2017 was an exceptionally good year for the Oslo stock exchange, with the Oslo Børs Benchmark Index achieving more than 50 new highs and climbing 19.1% over the course of the year.
The Oslo Børs Benchmark Index achieved more new highs in 2017 than in any year since 2005, with the best gain for the year as a whole since 2013. Based on its average annual return since 1996, in a normal year the Benchmark Index climbs 10%.
More new debt and equity capital raised than ever before
Furthermore, 2017 was also a record year in the primary market, with more new debt and equity capital raised in a single year than ever before. At 21 December, the combined total value of debt and equity capital raised was NOK 403 billion, which is NOK 47 billion or 13.2% more than in 2016, the previous record year. The large number of companies admitted to listing helped increase the amount raised in the equity market to new highs, with 21 companies admitted to Oslo Børs’ marketplaces in 2017, the highest number since 2007.
Dividend payments were also of record size in 2017.Record year for issues at Oslo Børs (article published on 22 December)
Surge in global economic growth
The surge in global economic growth pushed stock markets higher in 2017. The economic upturn has been broad-based, with growth stronger in some economies, such as the USA and Germany. This has been reflected by stock market indices – see the chart below.
Increase in the price of oil
The rising price of oil has been an important driving force in Norway. From a low of under USD 45 per barrel set in June, Brent crude has risen to its highest level since summer 2015. Shares in energy companies represent a third of the combined total value of companies listed on Oslo Børs. The increase in the price of oil helped the Energy Sector to rise by approximately 30% from its summer low, which contributed to the Benchmark Index achieving a series of new highs this autumn – see the chart below.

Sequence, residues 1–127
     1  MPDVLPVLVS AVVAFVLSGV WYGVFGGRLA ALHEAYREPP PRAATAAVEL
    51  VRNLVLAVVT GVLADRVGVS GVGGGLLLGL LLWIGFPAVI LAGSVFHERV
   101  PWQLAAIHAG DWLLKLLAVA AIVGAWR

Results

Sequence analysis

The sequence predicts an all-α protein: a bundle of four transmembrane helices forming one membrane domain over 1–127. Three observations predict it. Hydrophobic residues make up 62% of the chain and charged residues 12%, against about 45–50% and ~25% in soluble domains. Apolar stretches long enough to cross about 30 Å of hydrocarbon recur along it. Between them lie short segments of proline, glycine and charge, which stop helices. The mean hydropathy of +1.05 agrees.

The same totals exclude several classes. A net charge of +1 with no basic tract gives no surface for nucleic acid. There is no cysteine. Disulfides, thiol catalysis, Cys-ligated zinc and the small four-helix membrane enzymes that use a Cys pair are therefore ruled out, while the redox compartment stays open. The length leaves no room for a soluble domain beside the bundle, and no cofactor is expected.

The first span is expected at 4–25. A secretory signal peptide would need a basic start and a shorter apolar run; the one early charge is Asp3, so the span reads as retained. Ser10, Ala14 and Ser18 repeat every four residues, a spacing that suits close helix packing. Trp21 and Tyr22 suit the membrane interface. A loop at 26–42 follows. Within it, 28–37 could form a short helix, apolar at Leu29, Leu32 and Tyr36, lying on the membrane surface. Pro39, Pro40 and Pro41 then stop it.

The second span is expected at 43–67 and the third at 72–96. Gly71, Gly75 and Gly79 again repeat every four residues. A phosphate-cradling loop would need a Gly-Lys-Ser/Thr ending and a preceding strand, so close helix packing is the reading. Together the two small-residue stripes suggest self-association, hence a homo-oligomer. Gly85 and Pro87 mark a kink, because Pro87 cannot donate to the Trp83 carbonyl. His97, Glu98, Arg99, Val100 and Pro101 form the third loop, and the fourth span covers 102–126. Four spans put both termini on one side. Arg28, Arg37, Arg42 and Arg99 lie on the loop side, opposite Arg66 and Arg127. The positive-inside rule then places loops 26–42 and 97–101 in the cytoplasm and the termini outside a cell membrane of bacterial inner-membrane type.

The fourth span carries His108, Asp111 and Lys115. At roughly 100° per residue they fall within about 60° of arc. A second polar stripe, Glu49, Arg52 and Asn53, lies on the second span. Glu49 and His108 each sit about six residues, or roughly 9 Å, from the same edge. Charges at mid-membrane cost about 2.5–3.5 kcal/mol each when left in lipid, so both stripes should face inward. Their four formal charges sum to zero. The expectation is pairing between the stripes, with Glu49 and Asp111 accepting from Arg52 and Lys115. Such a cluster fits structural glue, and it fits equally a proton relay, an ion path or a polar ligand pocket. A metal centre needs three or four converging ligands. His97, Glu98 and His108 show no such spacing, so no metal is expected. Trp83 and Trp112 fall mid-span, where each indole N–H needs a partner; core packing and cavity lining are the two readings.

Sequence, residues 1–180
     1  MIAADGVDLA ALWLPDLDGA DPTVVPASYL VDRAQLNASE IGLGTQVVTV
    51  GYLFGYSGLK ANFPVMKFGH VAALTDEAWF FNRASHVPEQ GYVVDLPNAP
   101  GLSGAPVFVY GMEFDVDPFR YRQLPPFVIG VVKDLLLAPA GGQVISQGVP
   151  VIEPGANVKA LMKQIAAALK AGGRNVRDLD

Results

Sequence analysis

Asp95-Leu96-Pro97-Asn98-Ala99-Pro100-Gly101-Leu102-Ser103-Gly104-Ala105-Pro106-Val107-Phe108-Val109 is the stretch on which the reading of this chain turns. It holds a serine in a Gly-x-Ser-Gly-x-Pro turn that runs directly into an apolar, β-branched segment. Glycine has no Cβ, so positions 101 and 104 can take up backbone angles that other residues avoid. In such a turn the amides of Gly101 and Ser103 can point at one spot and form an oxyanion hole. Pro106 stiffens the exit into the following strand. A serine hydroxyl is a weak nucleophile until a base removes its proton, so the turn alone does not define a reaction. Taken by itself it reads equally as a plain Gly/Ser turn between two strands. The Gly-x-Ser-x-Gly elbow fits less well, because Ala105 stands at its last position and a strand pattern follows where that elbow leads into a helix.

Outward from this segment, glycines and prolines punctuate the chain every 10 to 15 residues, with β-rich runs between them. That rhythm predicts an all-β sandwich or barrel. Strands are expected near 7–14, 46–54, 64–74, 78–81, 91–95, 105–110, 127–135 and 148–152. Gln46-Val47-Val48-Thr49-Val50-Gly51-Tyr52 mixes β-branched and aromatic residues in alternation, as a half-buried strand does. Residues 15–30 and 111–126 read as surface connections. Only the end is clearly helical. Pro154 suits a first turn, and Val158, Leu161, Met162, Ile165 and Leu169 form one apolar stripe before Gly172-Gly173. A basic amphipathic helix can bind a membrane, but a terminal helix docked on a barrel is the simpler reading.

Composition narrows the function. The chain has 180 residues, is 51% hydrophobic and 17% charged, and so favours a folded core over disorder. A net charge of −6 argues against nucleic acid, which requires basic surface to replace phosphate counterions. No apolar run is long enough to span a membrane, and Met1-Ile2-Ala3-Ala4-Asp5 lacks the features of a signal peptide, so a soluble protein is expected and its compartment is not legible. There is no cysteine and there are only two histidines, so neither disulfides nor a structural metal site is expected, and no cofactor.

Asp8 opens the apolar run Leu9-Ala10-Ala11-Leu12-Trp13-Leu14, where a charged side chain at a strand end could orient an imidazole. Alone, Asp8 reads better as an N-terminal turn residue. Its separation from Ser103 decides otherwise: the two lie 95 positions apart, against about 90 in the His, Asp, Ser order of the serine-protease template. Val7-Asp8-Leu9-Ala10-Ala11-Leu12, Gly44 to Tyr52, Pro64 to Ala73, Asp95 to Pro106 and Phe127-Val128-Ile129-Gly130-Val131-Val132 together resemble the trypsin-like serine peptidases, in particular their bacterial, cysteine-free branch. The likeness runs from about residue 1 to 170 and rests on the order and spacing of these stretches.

Salmon swimming against the current
At the start of 2017 the price of salmon was at a historic high, but over the course of the year it has fallen back to 2015 levels, which in turn has caused shares in seafood companies to fall. After rising 56% in 2016, the Seafood Index fell 5.4% in 2017 – see the chart below. Despite this, seafood has been the top-performing industry on Oslo Børs over the course of the last few years, with the Seafood Index having risen more than 500% since 2012.
Telenor, Norsk Hydro and DNB
Telecommunications services, materials and finance were the strongest-performing sectors in 2017 – see the chart below.
- Telenor was the company whose shares made the largest single contribution to the Benchmark Index’s increase in 2017. Telenor is the second-largest listed company and its shares gained 43.6% in 2017, sending the Telecommunications Services Index up 43.4%
- The rising price of aluminium helped shares in Norsk Hydro climb 55%, with the Materials Index climbing 31.6%.
- Banks and savings banks benefited from the upturn in the Norwegian economy, with shares in DNB, the third-largest company listed on Oslo Børs, generating a return of 23,5%. Storebrand and SR Bank climbed 49.7% and 48.2% respectively, helping the Financial Index to rise 25.8%
- Statoil and Aker BP are the two companies that have the greatest impact on the performance of the Energy Index. In 2017 Statoil rose 16%, while Aker BP, the next largest oil company listed on Oslo Børs, was up 35.9%. 2017 also saw shares in some oil service companies, such as Odfjell Drilling and Kværner, strongly reverse previous falls.
- A 22.6%rise in Orkla’s shares ensured the Consumer Staples Index remained in positive territory, despite falls in the shares of seafood companies weighing heavily on the sector.
- Schibsted and Kongsberg Automotive contributed significantly to the rise in the Consumer Discretionary Index.
- Hafslund, Scatec Solar and Arendals Fossekompani drove the increase in the Utilities Index.
- Shipping companies, Tomra and Kongsberg Gruppen made the greatest contributions to the rise in the Industrials Index.
- Atea made the greatest contribution to the increase in the Information Technology Index.
- Nordic Nanovector, Photocure and Biotec Pharmacon were significant factors in the fall in the Health Care Index.
Increase in share trading
More share trading took place in 2017 than in 2016, with an average of NOK 4.5 billion of shares being traded each day through 100,600 transactions. The former figure is 7.3% higher than in 2016, while the number of transactions represents an increase of 9.2%.
Source: Oslo Bors press release (29.12.2017)